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Alastair Macaulay article in the Sunday NYT


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sz originally posted these comments in the Links section:

Alastair Macaulay in the New York Times on American Ballet Theater:

http://www.nytimes.com/2008/07/20/arts/dan...a.html?ref=arts

Seemed to be an article, yet again, to comment primarily about what doesn't work in the current ABT Sleeping Beauty.

Old news.... We all could have written about that, and we did, over a month ago.

Macaulay writes, "The ear-to-ear smiling that is traditional for this role..."

And then he bashes Sarah for smiling too much. I think a little could have been curbed, but Macaulay made it sound as if Sarah just stood there, endlessly smiling, while Herman did all the fabulous dancing. A very surfacey, very late in the season comment, for those wonderful debuts by Herman and Sarah.

And I find it very interesting that Macaulay didn't mention Julie Kent at all among the principals who danced or any of the other newly appointed soloists, besides Sarah, who danced their tails off this past season. Hmmmm...

A lazy review at best.... imo

Macaulay's "so-what" review should have covered both houses at Lincoln Center this spring, if he was to do a full recall. With very few exceptions, there were too many performances of poor programing and/or casting. Now a review beginning with the truth about the ballet scene at Lincoln Center, both houses, would have been a far more interesting observation.... What are these directors doing to our favorite ballet companies?!!!!

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Given the fact that he reviewed so few performances, you wonder how he could consider himself qualified to do a wrap up. I recall that he wrote a somewhat kindly review of the opening night of Giselle but I have some doubts as to whether he even attended the performance. He certainly was not sitting in the NYT's assigned seat that night. He writes like he wants out of his job or else into an employee assistance program.

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I'm looking forward to reading what ABT regulars think.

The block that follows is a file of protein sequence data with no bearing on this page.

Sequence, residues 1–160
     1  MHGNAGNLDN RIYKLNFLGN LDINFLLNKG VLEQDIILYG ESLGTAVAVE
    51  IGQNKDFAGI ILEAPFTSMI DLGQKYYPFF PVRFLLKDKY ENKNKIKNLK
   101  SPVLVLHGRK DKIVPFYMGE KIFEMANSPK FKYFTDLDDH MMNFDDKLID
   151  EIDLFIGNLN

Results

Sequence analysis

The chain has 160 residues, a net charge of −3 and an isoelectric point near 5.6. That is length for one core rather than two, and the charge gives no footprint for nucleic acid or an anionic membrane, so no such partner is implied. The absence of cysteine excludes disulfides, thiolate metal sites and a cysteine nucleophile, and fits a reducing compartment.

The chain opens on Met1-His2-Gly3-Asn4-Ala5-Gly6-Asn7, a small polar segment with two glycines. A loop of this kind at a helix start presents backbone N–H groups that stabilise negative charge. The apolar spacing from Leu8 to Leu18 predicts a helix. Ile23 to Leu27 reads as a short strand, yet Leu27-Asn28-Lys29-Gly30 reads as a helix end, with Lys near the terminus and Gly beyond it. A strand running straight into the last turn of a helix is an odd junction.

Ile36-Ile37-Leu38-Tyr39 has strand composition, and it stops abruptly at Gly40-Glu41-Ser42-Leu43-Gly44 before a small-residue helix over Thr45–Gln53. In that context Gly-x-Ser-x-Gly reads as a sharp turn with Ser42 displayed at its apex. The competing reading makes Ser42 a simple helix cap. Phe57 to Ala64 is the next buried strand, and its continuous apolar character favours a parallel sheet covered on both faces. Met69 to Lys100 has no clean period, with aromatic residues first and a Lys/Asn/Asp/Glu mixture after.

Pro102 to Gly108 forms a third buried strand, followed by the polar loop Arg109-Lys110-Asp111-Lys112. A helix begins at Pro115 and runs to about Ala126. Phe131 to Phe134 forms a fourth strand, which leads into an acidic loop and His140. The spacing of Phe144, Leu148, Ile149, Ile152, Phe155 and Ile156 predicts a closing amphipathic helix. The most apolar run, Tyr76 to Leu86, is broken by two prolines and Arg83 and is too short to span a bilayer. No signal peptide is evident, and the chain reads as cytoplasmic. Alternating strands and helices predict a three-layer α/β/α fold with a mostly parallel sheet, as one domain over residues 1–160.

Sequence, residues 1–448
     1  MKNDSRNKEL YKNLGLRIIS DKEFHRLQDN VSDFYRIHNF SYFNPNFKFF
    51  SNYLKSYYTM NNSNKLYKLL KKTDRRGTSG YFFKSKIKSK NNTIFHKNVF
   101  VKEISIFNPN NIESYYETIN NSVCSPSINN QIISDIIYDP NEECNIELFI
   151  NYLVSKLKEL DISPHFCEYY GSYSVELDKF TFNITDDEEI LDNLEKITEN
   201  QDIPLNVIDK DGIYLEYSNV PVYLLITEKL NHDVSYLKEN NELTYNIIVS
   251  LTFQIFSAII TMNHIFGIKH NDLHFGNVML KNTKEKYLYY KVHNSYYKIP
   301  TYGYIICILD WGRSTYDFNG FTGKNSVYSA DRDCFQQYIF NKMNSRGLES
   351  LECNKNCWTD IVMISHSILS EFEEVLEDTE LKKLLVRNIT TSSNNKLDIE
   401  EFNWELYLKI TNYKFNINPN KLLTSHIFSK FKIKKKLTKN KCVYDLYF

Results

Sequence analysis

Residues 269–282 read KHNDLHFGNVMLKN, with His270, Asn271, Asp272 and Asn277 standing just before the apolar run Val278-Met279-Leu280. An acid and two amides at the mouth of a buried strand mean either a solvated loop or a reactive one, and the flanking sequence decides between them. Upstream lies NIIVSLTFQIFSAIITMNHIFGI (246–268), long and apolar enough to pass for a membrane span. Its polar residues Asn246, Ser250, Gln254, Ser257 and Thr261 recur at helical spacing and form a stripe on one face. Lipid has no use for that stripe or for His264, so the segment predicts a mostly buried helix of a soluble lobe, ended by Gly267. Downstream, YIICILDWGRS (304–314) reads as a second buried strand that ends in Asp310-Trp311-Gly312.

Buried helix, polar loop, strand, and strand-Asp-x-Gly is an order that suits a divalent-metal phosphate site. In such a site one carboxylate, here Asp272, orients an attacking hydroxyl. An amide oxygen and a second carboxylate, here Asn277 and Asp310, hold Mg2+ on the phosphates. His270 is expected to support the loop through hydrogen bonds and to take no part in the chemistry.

I've read all the threads on ABT's Met season, though have Sleeping Beauty this year. Macaulay's most positive comment is:

Its eight-week spring season at the Metropolitan Opera House, which ended on July 12, left several piercing images in the memory, almost all of individual dancers giving individual performances.
But .. and there's always a "but" ... :
But this season, like every Ballet Theater season I’ve ever watched since I first saw the company in 1977, bequeathed another, larger but much vaguer impression: whenever Ballet Theater starts to be artistically of major value, something makes it fall short.

Most Ballet Talk posts about the Met season have indeed focused on individual performances, many of which sound exceptional and memorable. Reading between the lines of all those threads, however, I've wondered about the larger context in which these dancers perform. Many posts on Ballet Talk -- and, similarly, reviews on DanceViewTimes, seem to have shared Macaulay's ambivalence.

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It's obviously according to what one is looking for how you perceive this article. I thought the long, mostly favourable account of ABT's SB in that matinee performance, esp. comparing it to RB's--which I've never heard anybody else do, although maybe they do; my impression is that RB's SB is close to sacred, including here at BT, and that the ABT one is something people put up with--was very interesting. Certainly very unpredictable and thought-provoking. That silly last sentence is the kind of thing he seems to like to do--just flippant crap, doesn't mean anything, maybe that's like 'Aren't I cute' or something a child would do. But, frankly, although I don't have the insider's knowledge to judge it in many important ways, this was often a very well-written piece, and the profiles of the male dancers and their less-impressive (in number) female counterparts is all right. I thought the way he contrasted a couple of Corella's performances was useful for someone like me who isn't usually worried if somebody is too dazzling. The Kirov things he wrote were more negative in some ways, or it seemed to me; but I'm sure I didn't read all of them. I don't see what the big deal is if he thinks somebody smiles too much. Almost everybody went on about Somova's 'vulgarity'. I mean---I don't like him (how would that be done with any of these critics?), but sometimes he's not bad at all.